Dee Hamilton returns home after the death of her parents. Is it a good homecoming?
There’s supposedly some Wizard of Oz-ness to this story, but it has yet to show itself. But that’s fine because Tirotto has created a nice little story on it’s own. The opening shows us that something dark and evil is in Emeraldsville but from there things slow down. Tirotto does a great job laying out the clues slowly, building off eachother. Almost right away we know there’s more going on then it seems, but it’s a slow build. Even the ending, which appears one way, is part of the slow build as we know there has to be more to it then what we see.
The slow build works very good. It starts with bits of conversations, each adding a layer to the story. And it looks like it’ll be an interesting story. But unlike alot of slow builds where there are alot of mysterious happenings and connections but not much is revealed, Tirotto fills in some of the pieces. We know that there’s more to Thomas then he appears and we can assume that things went bad when his brother William was killed.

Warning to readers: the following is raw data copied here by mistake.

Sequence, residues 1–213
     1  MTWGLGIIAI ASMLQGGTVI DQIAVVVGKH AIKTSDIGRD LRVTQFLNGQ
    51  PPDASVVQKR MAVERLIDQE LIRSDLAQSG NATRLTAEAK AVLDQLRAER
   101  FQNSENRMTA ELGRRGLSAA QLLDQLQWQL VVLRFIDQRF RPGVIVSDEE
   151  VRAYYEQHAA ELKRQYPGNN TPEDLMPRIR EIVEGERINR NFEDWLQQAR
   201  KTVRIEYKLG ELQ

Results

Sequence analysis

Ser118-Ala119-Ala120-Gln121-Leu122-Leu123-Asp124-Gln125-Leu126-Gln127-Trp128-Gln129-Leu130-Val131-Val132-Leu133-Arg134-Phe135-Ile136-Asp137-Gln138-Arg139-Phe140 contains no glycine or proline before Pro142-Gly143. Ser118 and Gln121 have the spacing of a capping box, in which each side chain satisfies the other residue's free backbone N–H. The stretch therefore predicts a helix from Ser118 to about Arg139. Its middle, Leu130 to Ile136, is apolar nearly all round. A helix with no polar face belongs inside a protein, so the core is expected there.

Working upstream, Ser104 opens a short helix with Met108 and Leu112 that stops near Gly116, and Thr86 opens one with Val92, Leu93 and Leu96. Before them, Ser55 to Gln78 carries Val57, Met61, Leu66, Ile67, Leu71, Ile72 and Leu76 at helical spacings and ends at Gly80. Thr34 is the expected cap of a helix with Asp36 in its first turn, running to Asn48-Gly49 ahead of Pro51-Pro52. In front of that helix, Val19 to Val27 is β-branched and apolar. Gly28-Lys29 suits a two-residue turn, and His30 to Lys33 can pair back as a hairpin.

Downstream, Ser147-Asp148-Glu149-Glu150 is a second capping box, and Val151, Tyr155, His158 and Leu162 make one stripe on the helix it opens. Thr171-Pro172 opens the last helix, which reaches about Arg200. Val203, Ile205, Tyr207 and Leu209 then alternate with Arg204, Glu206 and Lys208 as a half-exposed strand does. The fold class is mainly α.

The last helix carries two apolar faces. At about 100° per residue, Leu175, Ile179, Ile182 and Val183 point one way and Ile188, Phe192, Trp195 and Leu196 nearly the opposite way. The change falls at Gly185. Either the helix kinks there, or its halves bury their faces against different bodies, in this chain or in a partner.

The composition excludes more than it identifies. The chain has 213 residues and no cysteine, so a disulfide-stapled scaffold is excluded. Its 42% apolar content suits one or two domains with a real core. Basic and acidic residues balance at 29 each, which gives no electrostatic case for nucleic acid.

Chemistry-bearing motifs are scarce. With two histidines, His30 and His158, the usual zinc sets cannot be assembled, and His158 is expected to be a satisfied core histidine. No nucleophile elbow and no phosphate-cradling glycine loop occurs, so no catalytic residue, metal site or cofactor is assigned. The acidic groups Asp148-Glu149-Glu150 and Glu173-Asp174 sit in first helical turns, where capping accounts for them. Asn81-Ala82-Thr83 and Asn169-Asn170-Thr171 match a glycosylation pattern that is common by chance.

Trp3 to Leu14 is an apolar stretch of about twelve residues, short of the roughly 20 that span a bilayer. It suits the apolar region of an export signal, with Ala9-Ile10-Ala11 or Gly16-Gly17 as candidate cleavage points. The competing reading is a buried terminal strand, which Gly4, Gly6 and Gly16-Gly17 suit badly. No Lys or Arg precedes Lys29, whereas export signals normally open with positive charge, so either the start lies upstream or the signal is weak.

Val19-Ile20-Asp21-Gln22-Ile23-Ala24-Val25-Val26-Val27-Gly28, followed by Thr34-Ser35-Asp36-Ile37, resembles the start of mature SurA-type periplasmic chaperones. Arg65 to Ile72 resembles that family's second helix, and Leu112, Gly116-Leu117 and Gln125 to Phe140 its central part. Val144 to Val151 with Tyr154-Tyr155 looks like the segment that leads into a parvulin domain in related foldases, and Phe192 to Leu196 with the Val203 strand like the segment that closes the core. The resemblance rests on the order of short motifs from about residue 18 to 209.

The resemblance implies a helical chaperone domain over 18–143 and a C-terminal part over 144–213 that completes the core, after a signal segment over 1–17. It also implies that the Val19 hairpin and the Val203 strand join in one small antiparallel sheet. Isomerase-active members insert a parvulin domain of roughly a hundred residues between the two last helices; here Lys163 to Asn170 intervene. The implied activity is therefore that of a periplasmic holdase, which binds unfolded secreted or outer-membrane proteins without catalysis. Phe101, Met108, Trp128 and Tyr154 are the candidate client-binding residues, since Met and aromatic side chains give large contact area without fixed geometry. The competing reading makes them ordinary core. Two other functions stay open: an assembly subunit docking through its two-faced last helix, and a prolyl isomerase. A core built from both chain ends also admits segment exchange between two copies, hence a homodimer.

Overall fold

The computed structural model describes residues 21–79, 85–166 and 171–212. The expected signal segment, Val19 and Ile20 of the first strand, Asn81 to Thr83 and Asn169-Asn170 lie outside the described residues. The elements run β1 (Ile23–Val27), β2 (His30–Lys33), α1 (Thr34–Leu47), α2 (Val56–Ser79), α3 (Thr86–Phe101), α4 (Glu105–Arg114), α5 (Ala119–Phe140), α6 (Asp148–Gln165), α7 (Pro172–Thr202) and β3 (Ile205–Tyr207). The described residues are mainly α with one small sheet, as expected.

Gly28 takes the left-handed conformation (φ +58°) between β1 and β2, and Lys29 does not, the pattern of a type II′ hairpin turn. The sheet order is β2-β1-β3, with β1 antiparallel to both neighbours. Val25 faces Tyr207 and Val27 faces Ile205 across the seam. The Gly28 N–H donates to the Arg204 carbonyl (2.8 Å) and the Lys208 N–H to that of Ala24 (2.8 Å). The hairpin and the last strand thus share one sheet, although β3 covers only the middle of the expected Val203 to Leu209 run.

The script is good, with characters feeling natural and real. The reactions come across real, they sound real. And feels like someone coming home after years away. The characters are interesting, having a small town feel. Dee comes across as less developed than Lizzie, which could be a problem considering Dee is the star. It might be just because Lizzie stands out more.
I’m looking forward to seeing where the story goes.
The art by Jordan is decent. The style reminds me of someone and I just can’t place it. He’s got a decent grasp of the technical aspects and does a good job making nondescript characters different from eachother. There’s alot of older women in this story and he does a decent job making them unique enough. There’s a couple of panels where he makes some rookie mistakes. In a couple of panels, Lizzie’s neckerchief disappears from one panel to the other.
But the complaints are minor compared to the overall work, which is decent.
No Place Like Home #1 receives
4 out of 5